Enough! Fans Need To Lay Off Drouin

By JD Lagrange – They are seen as Superheroes in Montreal. No even politician are more under the microscope than them. They make millions of dollars a year to entertain. Fans simply cannot relate to the lifestyle. Everywhere they go, they are recognized, sign autographs, talk to fans. With smart phones and social media, they have zero margin for error. They are players of the Montreal Canadiens and it comes with the territory.

One thing we often overlook and forget, is that they are human. They have feelings. They go through what we all go through, the ups and down of life. They lose parents, friends, like Joel Edmundson who has lost his father this past season. They have their own challenges, being away from family for long periods of time. Jeff Petry is a prime example. They suffer through injuries, work their butts off through rehab, as Carey Price can attest. They live under constant pressure. And sometimes, they crack.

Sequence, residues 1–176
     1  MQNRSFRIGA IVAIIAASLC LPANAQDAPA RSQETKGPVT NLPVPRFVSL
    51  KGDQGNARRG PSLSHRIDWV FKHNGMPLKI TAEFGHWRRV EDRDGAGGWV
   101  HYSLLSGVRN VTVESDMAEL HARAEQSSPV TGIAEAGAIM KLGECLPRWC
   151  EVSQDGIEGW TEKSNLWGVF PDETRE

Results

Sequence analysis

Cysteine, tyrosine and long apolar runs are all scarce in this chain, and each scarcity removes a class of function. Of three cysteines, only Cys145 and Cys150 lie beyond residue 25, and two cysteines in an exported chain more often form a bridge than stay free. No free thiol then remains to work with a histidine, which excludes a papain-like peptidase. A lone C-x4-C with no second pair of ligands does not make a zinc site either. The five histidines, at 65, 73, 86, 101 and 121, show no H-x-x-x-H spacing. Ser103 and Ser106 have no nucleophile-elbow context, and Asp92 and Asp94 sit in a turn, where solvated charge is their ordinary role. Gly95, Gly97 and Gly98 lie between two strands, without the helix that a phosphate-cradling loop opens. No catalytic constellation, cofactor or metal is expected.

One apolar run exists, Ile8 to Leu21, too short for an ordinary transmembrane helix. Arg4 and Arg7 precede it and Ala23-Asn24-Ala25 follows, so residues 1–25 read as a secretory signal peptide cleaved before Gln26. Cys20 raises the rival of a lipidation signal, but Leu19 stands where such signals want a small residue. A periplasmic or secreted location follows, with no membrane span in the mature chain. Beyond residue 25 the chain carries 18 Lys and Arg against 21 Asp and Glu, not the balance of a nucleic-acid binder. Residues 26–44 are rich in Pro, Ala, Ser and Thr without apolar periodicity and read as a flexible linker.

Jonathan Drouin

When Jonathan Drouin took some time off to take care of his mental health, he wasn’t sleeping. In any aspect of life, if you don’t get sleep, it will be impossible to perform to your capabilities. It is even more true in such a competitive environment where high levels of conditioning is required like playing NHL hockey.